The No Nonsense Interview Prep
The following is interview preperation material for software engineer and development roles that covers the most common aspects of data structures, algorithms, design, and behavioral.
This interview manual is ever evolving; I make changes to it frequently as my experience grows and I find new resources.
Python Crash Course
The following is a crash course in Python that I’ve used to refresh my knowledge and understanding of the langauge from a high level.
But why Python?
The last thing you want to do during a technical white board interview is stumble over weird or complicated syntax, forget how some library works, or waste time sketching out alot of boilerplate.
Further, because of how close python is to normal spoken language, even if the person interviewing you doesn’t have a firm grasp of python, they will understand what you’re trying to do.
In short, it’s all about communication. Python is easy to communicate, reason about, simple to understand, and reduces the overall complexity of your technical interview.
Python is just really simple and un-complicated.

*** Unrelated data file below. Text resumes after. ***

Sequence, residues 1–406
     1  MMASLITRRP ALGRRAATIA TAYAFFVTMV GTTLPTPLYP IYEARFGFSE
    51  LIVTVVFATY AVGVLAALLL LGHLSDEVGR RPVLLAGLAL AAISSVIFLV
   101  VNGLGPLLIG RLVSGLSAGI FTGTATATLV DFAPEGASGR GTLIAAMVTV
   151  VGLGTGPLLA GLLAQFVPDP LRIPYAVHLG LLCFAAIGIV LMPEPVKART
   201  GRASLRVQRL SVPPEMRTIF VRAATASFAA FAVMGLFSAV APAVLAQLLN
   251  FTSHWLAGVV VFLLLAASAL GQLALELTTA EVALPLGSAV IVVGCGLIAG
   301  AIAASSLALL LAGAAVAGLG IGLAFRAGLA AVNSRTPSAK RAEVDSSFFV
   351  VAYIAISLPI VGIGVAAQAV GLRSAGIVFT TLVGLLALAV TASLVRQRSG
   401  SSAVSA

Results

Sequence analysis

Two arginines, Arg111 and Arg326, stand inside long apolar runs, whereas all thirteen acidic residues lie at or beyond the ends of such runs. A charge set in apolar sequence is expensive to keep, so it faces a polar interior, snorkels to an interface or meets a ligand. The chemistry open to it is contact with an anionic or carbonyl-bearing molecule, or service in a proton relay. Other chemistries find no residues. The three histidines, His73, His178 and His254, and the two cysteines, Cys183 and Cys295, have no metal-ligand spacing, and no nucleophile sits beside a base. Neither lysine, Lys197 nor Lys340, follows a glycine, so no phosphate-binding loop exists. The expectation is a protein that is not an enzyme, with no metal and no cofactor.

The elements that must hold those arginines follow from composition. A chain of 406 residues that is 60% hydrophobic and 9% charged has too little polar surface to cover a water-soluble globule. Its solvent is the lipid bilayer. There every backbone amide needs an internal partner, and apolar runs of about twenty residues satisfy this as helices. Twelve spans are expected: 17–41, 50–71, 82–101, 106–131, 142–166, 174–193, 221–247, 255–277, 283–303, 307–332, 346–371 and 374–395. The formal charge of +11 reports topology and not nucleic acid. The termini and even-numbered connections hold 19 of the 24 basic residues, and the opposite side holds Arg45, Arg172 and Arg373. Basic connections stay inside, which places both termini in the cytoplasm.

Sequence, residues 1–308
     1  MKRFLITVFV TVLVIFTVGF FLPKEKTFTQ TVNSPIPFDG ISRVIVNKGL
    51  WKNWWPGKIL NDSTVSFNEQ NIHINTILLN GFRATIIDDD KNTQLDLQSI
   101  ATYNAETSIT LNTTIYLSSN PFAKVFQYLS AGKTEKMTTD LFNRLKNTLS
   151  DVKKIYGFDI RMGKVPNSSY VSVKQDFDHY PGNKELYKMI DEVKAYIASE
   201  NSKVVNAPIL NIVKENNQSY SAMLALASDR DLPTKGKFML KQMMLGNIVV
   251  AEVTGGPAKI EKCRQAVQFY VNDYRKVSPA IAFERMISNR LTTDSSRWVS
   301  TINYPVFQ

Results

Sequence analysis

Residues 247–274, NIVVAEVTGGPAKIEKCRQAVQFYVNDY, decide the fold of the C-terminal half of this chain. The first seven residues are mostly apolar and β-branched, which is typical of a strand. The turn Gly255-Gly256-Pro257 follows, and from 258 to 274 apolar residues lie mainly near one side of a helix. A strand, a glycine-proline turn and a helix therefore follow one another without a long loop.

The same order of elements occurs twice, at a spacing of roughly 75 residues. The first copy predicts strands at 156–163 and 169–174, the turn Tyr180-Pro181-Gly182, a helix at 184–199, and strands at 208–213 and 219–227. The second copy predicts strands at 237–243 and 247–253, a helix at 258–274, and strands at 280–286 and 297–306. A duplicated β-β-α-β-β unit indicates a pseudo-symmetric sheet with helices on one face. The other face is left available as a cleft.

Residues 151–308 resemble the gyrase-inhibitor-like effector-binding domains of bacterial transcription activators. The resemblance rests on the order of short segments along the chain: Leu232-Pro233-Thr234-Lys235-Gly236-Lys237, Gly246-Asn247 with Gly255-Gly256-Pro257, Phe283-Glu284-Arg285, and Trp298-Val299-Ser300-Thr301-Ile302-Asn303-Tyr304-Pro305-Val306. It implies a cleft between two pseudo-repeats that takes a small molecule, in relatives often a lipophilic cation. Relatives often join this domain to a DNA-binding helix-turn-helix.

# initializing arrays with array values arr = [1, 2, 3] # Use `append()` to insert a new value at end of the array. # This is a O(1) operation but may require that we # grow the underlying datastructure to accommodate the new element. # # An understand of how arrays "grow" under the hood as we add elements # is a necessary part of understanding the time complexity of using arrays. arr.append(4); # Use insert() to insert a value at a specific position. # This inserts 5 at the 2nd position. This is NOT zero indexed. # This is a O(n) operation in the worst case given all elements # may need to be "shifted" or the underlying array may need to grow arr.insert(2, 5) # We can perform an in place sort. # The `arr` will now be sorted. arr.sort() # This returns a sorted copy where `arr` is not mutated. sorted(arr) # You may apply a lambda to the sorting. # # A lambda is essentially an "anonymous" function # that can take any arbitrary number of inputs. # # This example uses an arbitrary "student" class # that has some "grade_point_average" data member. # # For the `.sort()` method, we can supply a key # and in this example, use the student's gradepoint averages student.sort(key=lambda student: student.grade_point_average) # Reverses the array. # Ever get a "reverse string" question? Just use this! arr.reverse() # Returns the index of the first occurrence of the given element. arr.index(2) # Removes the first occurence of the given element arr.remove(2) # Returns true if element is in the array # The time complexity of this is O(n) in order to scan the whole array if 2 in arr: print('2 is in the array!') # Creates a shallow copy (where compound objects are only REFERENCES, not deep copies) copy.copy(arr) # Creates a deep copy which recursively inserts copies of any nest, compound objects # Most of the time, during interview quetsions, you probably want a deep copy copy.deepcopy(arr) # Returns the minimum element within the array min(arr) # Returns the maximum element within the array max(arr) # Slicing is very useful where array[start:stop:step] # So, for example, this prints the array starting at the second element # and going in reverse order. It'd look something like "[2, 1]" print(arr[1::-1]) # List comprehension in python is also super powerful during interviews. # You need 3 things to do list comprehension: # 1. And input sequence # 2. An iterator # 3. A logical condition # # Wrap all of that in the `[ ]` array syntax # and you'll end up with a new array. # In this example, we are taking x to the power of 2 # where x is the list of number from 0 to 5 # but we only take numbers if they are modulo % 2. # All this in one line! [x**2 for x in range(6) if x % 2 == 0]